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“The Abusive Exploitation of the Human Religious Sentiment”: Michael Burleigh as Historian of “Political Religion” - Endnotes
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Article Index
“The Abusive Exploitation of the Human Religious Sentiment”: Michael Burleigh as Historian of “Political Religion”
The Church and the New Barbarism
The Theory and Practice of Political Religion
Burleigh’s Project
The Totalitarian Political Religions
The Church Between Liberalism and Totalitarianism
Today’s World: Islam and Secular Europe
Paying Tribute to Those Who Understood
Aron’s Faith Without Illusions
Conclusion
Endnotes
All Pages

Endnotes


1. Michael Burleigh, The Third Reich: A New History (New York: Hill and Wang, 2000). Further citations to this source will be indicated parenthetically in the text as TTR.
2. For representative examples of their work, see Alain Besançon, A Century of Horrors: Communism, Nazism, and the Uniqueness of the Shoah, trans. Ralph C. Hancock and Nathaniel H. Hancock (Wilmington, DE: ISI Books, 2007) and Malia’s posthumously published History’s Locomotives: Revolutions and the Making of the Modern World (New Haven: Yale, 2006).
3. Michael Burleigh, Sacred Causes: The Clash of Religion and Politics from the Great War to the War on Terror (New York: Harper Collins, 2007). Further citations to this source will be indicated parenthetically in the text as SC.
4. Michael Burleigh, Earthly Powers: The Clash of Religion and Politics in Europe from the French Revolution to the Great War (New York: Harper Collins, 2005).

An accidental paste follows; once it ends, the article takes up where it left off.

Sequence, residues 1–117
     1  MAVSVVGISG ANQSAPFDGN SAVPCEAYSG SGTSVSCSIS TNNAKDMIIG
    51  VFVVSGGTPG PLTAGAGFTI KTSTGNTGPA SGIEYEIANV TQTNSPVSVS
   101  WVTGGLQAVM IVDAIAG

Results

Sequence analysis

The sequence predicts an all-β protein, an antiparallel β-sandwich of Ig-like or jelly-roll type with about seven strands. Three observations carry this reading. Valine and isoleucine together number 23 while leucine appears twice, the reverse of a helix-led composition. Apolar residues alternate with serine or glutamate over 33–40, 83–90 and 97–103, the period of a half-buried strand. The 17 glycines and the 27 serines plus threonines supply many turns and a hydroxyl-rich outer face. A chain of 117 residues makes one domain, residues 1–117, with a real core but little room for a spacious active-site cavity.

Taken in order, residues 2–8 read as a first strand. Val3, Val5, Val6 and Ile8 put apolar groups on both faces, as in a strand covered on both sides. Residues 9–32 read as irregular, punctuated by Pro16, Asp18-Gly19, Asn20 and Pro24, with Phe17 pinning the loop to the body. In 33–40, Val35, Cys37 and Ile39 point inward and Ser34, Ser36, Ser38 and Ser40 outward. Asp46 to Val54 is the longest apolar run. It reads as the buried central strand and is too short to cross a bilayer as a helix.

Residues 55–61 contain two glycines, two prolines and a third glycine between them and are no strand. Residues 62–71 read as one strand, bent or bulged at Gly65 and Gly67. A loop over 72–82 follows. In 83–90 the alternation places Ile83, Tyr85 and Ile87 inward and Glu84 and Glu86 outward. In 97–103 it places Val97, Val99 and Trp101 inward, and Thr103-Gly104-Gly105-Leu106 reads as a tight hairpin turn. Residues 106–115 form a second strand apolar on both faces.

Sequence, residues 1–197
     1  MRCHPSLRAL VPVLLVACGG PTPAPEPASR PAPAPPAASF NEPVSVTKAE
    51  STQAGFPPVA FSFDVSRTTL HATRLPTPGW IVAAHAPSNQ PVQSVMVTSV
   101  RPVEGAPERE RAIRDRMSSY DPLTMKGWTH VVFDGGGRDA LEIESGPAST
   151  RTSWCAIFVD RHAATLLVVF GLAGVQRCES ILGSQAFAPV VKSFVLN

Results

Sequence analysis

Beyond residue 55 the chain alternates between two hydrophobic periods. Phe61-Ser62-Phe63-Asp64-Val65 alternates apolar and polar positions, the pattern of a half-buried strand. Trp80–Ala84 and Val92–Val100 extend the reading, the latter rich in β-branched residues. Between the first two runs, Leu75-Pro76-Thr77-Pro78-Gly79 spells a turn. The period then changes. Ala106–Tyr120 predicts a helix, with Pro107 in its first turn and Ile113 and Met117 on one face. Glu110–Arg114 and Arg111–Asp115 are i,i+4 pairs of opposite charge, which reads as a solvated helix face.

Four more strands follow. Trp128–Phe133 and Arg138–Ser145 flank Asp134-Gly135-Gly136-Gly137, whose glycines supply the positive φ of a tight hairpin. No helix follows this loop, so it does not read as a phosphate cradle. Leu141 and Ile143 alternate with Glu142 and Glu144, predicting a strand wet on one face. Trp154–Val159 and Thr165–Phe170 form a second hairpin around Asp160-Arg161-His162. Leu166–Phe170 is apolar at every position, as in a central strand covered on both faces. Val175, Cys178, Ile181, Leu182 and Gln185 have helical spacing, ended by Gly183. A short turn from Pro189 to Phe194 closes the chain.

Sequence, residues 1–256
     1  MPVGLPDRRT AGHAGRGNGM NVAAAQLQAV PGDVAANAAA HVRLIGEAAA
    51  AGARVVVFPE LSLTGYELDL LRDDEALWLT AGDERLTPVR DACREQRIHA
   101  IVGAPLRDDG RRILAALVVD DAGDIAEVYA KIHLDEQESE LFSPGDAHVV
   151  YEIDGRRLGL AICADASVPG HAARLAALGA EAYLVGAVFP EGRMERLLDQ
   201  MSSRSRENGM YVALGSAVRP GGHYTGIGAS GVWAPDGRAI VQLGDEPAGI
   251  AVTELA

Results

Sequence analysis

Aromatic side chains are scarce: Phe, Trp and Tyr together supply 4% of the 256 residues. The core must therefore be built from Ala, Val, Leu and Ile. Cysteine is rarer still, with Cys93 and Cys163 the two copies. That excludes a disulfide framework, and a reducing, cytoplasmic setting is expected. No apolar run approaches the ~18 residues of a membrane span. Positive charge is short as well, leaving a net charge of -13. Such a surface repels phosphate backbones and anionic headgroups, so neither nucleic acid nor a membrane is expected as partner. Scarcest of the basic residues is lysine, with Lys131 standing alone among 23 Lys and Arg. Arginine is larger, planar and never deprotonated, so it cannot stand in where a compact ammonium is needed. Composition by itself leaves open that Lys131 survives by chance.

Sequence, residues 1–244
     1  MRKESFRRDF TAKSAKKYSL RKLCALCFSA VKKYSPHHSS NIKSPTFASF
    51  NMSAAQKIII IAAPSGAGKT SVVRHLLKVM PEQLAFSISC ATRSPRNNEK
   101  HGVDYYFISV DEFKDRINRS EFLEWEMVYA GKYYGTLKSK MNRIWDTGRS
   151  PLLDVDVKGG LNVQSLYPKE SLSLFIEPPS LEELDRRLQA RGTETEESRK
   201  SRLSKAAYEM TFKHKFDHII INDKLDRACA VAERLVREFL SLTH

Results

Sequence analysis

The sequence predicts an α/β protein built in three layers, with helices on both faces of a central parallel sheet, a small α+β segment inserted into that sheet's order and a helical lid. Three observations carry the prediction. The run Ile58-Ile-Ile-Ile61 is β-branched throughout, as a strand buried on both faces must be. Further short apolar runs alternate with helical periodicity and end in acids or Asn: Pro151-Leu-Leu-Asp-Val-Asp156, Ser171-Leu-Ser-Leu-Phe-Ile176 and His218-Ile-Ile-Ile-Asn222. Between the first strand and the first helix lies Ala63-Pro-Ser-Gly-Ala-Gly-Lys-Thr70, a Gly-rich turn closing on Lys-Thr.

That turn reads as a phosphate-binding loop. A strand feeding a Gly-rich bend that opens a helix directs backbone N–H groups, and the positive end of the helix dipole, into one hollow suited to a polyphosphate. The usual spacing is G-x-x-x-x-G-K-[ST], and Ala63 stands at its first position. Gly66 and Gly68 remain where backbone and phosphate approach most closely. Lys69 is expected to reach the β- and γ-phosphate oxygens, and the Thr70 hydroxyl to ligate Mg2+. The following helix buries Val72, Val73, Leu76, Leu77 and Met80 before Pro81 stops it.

5. An English-language version of “The Future of Secular Religions” can be found in Raymond Aron, The Dawn of Universal History: Selected Essays from a Witness to the Twentieth Century, trans. Barbara Bray (New York: Basic Books, 2002), 177–201.

Daniel J. Mahoney is professor of political science at Assumption College in Massachusetts. With Edward E. Ericson Jr. he edited The Solzhenitsyn Reader: New and Essential Writings: 1947–2005 (ISI Books, 2006).

This article appeared in the Spring 2008 edition of The Intercollegiate Review, a journal published by the Intercollegiate Studies Institute (ISI). ISI is a non-profit, non-partisan, tax-exempt educational organization whose purpose is to further in successive generations of college youth a better understanding of the values and institutions that sustain a free and humane society. Copyright 2008 by Intercollegiate Studies Institute. All rights reserved. Reprinted by permission.

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